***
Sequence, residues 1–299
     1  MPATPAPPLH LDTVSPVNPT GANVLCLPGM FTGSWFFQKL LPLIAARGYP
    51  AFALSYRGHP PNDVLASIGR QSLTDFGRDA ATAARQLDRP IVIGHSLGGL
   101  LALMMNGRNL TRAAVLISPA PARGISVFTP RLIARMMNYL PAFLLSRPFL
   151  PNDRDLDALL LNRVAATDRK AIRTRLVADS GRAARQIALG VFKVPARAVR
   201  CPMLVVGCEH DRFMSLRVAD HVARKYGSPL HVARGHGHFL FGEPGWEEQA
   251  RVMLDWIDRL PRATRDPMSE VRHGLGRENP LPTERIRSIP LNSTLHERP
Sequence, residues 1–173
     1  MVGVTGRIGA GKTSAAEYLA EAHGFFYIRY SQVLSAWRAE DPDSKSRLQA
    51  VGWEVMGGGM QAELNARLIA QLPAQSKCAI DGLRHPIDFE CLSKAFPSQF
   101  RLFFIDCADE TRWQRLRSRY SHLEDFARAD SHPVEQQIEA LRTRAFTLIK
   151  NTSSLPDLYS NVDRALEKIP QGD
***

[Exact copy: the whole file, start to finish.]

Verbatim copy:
Sequence, residues 1–299
     1  MPATPAPPLH LDTVSPVNPT GANVLCLPGM FTGSWFFQKL LPLIAARGYP
    51  AFALSYRGHP PNDVLASIGR QSLTDFGRDA ATAARQLDRP IVIGHSLGGL
   101  LALMMNGRNL TRAAVLISPA PARGISVFTP RLIARMMNYL PAFLLSRPFL
   151  PNDRDLDALL LNRVAATDRK AIRTRLVADS GRAARQIALG VFKVPARAVR
   201  CPMLVVGCEH DRFMSLRVAD HVARKYGSPL HVARGHGHFL FGEPGWEEQA
   251  RVMLDWIDRL PRATRDPMSE VRHGLGRENP LPTERIRSIP LNSTLHERP
Sequence, residues 1–173
     1  MVGVTGRIGA GKTSAAEYLA EAHGFFYIRY SQVLSAWRAE DPDSKSRLQA
    51  VGWEVMGGGM QAELNARLIA QLPAQSKCAI DGLRHPIDFE CLSKAFPSQF
   101  RLFFIDCADE TRWQRLRSRY SHLEDFARAD SHPVEQQIEA LRTRAFTLIK
   151  NTSSLPDLYS NVDRALEKIP QGD